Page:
Ambassador Kate DiCamillo's Call to Action

Kate DiCamillo, in her capacity as the National Ambassador for Young People's Literature, is demanding that authors and artists flock to their favorite local independent bookstore on Saturday, May 17, during Children's Book Week to read a book aloud. As part of her platform, "Stories Connect Us," she's asked authors and artists in an open letter on the ABA site to read a book that they did not write or illustrate. DiCamillo talked with Shelf Awareness about why she's making these demands.

We understand that, having stolen Sherman Alexie's idea...

(Ambassador interrupting) Ambassadors don't steal.

Let us rephrase that--we understand that, with Sherman Alexie's permission, you are now recruiting authors and illustrators...

(Ambassador interrupting) I'm demanding it--because I'm an ambassador.

You are demanding that authors and illustrators flock to their local indies and celebrate children's book week--specifically on Saturday, May 17, the inaugural "Indies First Storytime Day"--by reading stories aloud. Is that correct?

Yes, but not a story that they've written. That way, you don't have to worry about criticism. It's not supposed to be about you. It's supposed to be about story.

What book are you planning to read on May 17?

I'm going to read Don't Let the Pigeon Drive the Bus. If anyone criticizes it, I don't have to worry. And I'll report any criticism to Mo Willems.

Is this event designed to enhance your three-month performance appraisal as the National Ambassador for Young People's Literature?

Yes. I have always been the type of person that really, really needs the gold star. You know how the three-month review is, I probably won't get it until the end of April or even late May. By then, I'll have forced everyone to read at the indies.

We've moved from "demand" to "force."

I'm trying to convey how passionately I feel about this.

Jon Scieszka is still waiting for his ambassadorial helicopter. We hope that you are not under similar delusions.

Is he standing on a roof somewhere? I'll go have a word with him. He's waiting for a lot that's never going to happen. He keeps talking about the Fortress of Solitude. I have no idea what he means by that.

In your open letter inviting authors to flock to indies on May 17, you mention The Watsons Go to Birmingham as a prime read-aloud example. Why that book?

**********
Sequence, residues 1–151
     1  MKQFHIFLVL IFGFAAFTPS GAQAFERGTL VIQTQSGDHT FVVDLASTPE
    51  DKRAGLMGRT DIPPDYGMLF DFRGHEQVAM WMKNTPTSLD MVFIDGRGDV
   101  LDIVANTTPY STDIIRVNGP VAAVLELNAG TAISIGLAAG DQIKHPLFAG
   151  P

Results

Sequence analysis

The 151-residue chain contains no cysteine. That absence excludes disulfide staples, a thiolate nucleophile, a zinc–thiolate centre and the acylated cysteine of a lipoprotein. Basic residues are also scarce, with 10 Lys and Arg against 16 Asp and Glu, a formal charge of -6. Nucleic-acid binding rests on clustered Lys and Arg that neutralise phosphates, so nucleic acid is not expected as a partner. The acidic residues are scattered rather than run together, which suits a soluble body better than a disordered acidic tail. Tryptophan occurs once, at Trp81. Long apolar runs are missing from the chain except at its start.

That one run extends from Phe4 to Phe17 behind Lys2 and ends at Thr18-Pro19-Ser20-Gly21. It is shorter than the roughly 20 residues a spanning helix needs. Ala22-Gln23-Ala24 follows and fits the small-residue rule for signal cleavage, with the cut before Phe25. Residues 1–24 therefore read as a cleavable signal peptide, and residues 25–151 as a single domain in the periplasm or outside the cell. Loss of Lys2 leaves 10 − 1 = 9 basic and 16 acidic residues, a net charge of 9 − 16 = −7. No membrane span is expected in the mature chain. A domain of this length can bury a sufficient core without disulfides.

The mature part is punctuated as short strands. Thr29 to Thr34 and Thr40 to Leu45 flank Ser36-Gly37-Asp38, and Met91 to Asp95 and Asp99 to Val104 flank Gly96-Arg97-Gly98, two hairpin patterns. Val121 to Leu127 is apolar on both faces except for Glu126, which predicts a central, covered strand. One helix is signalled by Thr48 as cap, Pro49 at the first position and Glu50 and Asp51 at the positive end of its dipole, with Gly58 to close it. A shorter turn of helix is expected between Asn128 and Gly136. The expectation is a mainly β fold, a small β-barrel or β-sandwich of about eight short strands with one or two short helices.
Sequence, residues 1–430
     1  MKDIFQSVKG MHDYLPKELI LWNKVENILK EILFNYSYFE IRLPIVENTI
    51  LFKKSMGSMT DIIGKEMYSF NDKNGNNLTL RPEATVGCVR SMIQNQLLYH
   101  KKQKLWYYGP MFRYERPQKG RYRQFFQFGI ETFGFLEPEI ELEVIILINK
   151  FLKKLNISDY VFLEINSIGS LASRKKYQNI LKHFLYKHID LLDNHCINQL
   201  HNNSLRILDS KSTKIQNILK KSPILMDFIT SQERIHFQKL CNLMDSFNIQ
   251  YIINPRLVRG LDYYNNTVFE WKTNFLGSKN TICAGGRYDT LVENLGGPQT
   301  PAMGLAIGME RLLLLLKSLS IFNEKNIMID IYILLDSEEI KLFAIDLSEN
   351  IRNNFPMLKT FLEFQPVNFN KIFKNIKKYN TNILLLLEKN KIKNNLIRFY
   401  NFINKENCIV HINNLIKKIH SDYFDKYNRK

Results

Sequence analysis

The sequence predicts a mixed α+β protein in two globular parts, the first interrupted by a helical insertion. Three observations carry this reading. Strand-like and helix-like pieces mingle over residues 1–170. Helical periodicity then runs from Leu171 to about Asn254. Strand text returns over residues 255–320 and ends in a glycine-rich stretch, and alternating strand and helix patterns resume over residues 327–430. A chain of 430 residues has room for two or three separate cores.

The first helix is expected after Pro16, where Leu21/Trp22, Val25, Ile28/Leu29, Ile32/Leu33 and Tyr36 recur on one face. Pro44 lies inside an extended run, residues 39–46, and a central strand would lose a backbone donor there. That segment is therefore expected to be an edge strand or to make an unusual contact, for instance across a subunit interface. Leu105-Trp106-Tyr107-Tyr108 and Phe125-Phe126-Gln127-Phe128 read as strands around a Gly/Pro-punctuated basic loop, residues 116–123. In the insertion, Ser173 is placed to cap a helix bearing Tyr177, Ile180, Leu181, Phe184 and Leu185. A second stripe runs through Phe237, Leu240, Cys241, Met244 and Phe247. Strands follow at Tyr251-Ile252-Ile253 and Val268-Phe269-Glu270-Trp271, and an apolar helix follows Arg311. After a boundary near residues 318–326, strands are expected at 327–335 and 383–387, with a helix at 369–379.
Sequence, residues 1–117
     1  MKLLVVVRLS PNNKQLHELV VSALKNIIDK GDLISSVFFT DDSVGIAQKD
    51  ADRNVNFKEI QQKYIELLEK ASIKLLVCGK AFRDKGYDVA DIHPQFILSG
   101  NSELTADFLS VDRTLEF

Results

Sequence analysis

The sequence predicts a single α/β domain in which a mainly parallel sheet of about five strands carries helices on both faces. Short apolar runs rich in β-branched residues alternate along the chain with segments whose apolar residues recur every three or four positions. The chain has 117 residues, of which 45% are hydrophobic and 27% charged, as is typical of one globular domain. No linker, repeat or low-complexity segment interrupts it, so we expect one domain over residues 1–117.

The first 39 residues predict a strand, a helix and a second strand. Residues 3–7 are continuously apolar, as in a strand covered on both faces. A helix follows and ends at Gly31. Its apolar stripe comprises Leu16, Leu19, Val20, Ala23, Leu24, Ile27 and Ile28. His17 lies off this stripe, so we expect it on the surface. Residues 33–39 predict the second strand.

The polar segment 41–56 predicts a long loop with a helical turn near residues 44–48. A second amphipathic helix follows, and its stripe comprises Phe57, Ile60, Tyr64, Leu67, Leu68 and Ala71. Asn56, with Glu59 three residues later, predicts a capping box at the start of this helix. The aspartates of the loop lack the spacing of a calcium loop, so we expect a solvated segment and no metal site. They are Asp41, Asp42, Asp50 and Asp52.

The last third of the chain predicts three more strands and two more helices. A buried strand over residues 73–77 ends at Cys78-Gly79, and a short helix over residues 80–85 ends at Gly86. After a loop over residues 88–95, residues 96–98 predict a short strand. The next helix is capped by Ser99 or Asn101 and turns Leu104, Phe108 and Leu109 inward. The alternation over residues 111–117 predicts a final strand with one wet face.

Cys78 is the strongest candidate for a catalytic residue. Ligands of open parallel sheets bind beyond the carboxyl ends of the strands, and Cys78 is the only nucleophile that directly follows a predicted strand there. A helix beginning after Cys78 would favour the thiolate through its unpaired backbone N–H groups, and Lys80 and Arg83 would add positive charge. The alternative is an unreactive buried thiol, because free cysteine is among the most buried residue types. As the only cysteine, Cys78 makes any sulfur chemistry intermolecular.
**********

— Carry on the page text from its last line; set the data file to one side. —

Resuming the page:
I'll start with the truth, which is that the first chapter is so fun to read aloud because it's very funny. That book is one of the first books I read as an adult that was written for children, that was published since I was a kid, and that made me think, "I want to try to do something like this." I took that book home from The Bookman [the now-shuttered wholesaler based in Minneapolis]. Employees were allowed to check books out, and I typed that book up because it meant so much to me. It's a seminal book for me. But it's also a great read-aloud.

Did you welcome those occasions when authors came into The Bookman?

Yes, except I was always intimidated by them. I would hide. Someone would pull me forward and say, "This is Kate; she writes, too," and pat me on the head.

I remember Louise Erdrich looking at me like she saw me, and asking, "How long have you been writing?" I said, "Five years." She said, "Things started happening for me in the sixth year. Keep writing." She took it seriously. And she was right; it was in about the sixth year that things started happening for me.

You also mention a few other picture books as prime read-alouds--I Stink! and The Stinky Cheese Man. Why those?

I Stink! is so much fun to read. I've read that 7,000 times to my young friend Max. There's so much that appeals to a kid. Dirty diapers. Stinky Cheese Man--I don't know why that book has gotten so much attention.

Why is it important to read aloud books that have particular significance to the reader?

I'm going to go in there on May 17, and I'm going to read Don't Let the Pigeon Drive the Bus. I'll put the whole of myself in it. That's another book I read to Max to the point that he could recite it along with me. You can make a dialogue with the child that's very natural. I remember going to Lisa Von Drasek's [then children's librarian at Bank Street College] apartment, and her being so excited about that book, and me reaching for it and her slapping my wrist. "Sit down," she said. I sat down, and Lisa stood up and read it to me. I was 40-something, and I thought, "That's what you can do. Look at that." I was on the edge of my seat. I was engaged. I thought it was so funny. And I was a grown-up.

You touched on this a bit already, but why do you feel it's important to tell authors and illustrators not to read from their own books?

It frees us up as writers, because then we get to rejoice in somebody else's work, and that's a lot of what the day's about.

Also, we don't have to worry about whether or not it's any good, which is what I think when I read from my work: "Is it any good?" And then I think, "It's too late to be asking that question."

Incidentally, we could not find Rimson, the Runaway Octopus, a Tale of Tentacles and Glory, the book you cited as a typical bookseller's dilemma. Does such a book really exist?

No, I made it up.

When you Google that title, what comes up is your open letter to authors and artists on the ABA site.

Score one for the Ambassador. It sure would be fun to have a contest for everyone to write a book with that as a title. I think Scieszka could write a good story to go with that.

In which bookstore will you be reading on May 17?

A bookstore in Hudson, Wis., called Chapter 2.

As part of your performance appraisal, we'll call them to make sure you showed up on time.

I've made a career of showing up on time. I used to tell my mother if I don't show up on time, either you've written the time down wrong, or I'm dead. --Jennifer M. Brown

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